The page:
In most of my posts on this blog I had envisioned staying on topic or presenting my thoughts on a faith issue, instead of a personal, slice of life reflection. I already have a personal blog and this one being different enables me to explore life a bit differently, while also reaching out to others to present their writing here from time to time.
There’s the challenging word: time. I haven’t written on here since June. Time has passed and here I am breaking the fourth wall because I didn’t think I could jump back into another blog post without an explanation. Where have I been? Where has the time gone?
I’m still exploring, sometimes sitting still with, sometimes grasping, sometimes feeling overwhelmed by life, God/dess, philosophies, theories, religion, and more. I’ve talked about deconstruction here and, for me, what lies beyond is beginning to reveal itself.
Having divested myself of the constraints of church attendance (thank you COVID-19 Pandemic) and leaned into the periods of isolation and loneliness of the last two years, I found myself… ready. Ready for what? Ready for something more to learn, to do, to grow into – I couldn’t quit name it. Amidst social unrest over myriad issues, I pursued reading on topics of interest from restorative justice, the science of public health, behavioural psychology, government communication and more. I felt unfocused, but well-meaning and enthusiastic.
Then a cool thing happened. The program I had been interested in two years ago (which decided not to run right before the pandemic hit here in Manitoba) opened up again, fully online, and was looking for applicants.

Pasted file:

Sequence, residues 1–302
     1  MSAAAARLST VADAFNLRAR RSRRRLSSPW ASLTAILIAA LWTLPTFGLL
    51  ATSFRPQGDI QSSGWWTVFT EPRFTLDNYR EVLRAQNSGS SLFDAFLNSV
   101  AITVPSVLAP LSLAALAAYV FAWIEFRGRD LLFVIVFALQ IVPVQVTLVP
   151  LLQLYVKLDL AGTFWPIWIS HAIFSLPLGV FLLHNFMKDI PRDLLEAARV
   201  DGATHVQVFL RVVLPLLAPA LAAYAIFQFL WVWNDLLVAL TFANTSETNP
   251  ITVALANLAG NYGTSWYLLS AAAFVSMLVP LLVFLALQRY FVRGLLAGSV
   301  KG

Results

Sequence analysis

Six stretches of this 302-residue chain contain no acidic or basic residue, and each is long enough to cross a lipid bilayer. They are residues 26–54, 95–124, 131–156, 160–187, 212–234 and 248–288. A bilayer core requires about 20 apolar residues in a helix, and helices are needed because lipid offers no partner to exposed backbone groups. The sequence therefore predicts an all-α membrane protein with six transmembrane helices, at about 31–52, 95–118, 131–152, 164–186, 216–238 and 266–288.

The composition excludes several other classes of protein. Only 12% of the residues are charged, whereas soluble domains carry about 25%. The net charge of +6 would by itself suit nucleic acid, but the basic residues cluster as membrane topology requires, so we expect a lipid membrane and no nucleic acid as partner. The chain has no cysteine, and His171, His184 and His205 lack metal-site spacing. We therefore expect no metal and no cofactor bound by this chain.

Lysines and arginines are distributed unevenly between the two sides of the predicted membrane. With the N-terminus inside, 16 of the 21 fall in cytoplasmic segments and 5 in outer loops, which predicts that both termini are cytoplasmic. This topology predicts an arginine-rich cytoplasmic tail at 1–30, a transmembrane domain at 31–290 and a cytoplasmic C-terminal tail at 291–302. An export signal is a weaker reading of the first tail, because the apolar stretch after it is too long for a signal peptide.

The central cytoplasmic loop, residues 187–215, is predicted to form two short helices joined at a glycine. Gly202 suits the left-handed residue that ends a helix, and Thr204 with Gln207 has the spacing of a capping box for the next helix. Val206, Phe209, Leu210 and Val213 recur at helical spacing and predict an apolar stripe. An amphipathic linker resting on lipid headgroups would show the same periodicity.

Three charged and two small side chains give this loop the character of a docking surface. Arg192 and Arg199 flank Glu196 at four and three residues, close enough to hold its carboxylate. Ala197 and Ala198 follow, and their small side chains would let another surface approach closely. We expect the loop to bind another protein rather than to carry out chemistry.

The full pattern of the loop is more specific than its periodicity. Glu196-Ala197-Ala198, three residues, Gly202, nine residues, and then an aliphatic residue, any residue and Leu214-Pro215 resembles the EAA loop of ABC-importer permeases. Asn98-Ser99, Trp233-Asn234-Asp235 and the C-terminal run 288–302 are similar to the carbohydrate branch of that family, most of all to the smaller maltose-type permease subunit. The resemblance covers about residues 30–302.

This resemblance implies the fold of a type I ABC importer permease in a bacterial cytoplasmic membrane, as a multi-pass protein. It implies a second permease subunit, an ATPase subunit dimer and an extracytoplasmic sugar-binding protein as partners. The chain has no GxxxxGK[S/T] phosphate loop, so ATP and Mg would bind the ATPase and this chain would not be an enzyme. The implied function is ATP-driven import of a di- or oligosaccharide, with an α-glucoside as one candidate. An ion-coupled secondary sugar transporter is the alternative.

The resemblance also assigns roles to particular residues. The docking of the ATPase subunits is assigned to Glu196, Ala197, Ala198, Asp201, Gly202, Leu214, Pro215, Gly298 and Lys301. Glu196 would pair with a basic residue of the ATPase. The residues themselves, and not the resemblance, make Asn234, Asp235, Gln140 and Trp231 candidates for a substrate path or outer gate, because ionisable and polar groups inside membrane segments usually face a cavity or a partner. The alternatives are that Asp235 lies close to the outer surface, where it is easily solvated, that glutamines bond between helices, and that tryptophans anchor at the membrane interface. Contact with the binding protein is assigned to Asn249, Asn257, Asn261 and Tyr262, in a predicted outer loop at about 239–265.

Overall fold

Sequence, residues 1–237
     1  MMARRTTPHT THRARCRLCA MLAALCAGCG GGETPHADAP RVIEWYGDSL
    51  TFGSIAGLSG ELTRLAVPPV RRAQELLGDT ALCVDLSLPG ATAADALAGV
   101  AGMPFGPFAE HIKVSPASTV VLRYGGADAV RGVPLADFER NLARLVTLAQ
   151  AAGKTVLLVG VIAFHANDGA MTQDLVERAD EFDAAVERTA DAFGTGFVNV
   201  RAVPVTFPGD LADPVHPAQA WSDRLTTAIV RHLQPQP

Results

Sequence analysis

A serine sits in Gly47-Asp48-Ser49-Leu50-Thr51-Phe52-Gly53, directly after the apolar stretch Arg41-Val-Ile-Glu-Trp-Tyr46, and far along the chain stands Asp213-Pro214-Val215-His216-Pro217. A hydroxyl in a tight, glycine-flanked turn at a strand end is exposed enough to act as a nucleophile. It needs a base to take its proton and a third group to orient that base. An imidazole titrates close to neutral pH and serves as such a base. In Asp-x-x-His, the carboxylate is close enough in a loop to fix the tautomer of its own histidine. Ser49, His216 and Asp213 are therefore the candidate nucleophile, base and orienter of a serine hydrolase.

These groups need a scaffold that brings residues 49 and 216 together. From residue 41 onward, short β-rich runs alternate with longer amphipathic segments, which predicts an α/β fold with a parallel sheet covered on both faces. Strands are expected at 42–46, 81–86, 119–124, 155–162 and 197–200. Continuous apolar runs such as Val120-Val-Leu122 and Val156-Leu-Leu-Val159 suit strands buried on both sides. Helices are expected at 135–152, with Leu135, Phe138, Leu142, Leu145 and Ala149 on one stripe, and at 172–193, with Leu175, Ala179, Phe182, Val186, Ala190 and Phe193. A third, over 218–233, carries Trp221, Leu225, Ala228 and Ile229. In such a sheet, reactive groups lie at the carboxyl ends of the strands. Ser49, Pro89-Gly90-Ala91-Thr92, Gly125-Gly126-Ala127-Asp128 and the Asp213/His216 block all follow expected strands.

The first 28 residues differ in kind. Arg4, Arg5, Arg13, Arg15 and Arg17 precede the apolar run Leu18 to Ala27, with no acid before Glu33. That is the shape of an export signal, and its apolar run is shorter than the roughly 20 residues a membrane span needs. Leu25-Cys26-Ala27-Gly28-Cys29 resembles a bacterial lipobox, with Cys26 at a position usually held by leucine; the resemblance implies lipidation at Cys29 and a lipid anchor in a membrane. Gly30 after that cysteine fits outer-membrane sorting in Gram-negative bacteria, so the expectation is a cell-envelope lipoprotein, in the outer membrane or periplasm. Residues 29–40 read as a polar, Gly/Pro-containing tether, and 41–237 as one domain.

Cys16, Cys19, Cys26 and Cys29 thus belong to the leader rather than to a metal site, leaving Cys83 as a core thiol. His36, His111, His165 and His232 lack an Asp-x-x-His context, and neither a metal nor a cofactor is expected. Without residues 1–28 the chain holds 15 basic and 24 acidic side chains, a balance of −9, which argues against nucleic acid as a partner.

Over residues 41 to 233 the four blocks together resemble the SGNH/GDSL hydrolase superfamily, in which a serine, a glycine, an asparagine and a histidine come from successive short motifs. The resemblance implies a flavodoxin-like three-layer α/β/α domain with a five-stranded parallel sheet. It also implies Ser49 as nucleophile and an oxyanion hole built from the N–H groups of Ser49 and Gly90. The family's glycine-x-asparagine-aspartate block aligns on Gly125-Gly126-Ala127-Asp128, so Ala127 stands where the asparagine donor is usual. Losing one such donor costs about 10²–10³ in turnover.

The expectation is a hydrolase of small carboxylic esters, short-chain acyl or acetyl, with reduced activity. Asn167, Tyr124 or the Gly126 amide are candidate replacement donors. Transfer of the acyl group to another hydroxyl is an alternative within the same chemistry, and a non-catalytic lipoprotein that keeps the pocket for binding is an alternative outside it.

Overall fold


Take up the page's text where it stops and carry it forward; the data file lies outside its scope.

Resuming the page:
Shekinah Formation is a legacy program from the recently closed St. Benedict’s Monastery & Retreat Centre. It is rooted in the Christian contemplative tradition and Benedictine hospitality, and is informed by a deep commitment to the interconnectedness of spirituality and social justice.
The name “Shekinah” was gifted to the group by a member of the Jewish community in Winnipeg. She described Shekinah as the “…Feminine Facet of the Divine in Jewish Mystical (Kabbalistic) thought. She is a part of G*d that chose exile when the people were banished from their Land. She journeys with the people in their wandering. She is close at hand or perhaps She can be understood as G*d imminent…”
I had known for a long time now that I needed a teacher. I hadn’t been able to find satisfactory teaching for me in my faith tradition for years. Indeed, I had recently left our community church of ten years. When I heard Shekinah was taking students again, I thought, “Could I have found a teaching environment for my wild thoughts? Will they even have me?” To my surprise, they took me on and don’t even think my thoughts are wild (so far, I think).
Shekinah is rooted in the Christian contemplative tradition and informed by Benedictine spirituality & hospitality, the teachings of Jung, wisdom from the Enneagram, principles of restorative justice, the discipline of reflective practice, embodied spirituality and wisdom from Christian mystics and prophets.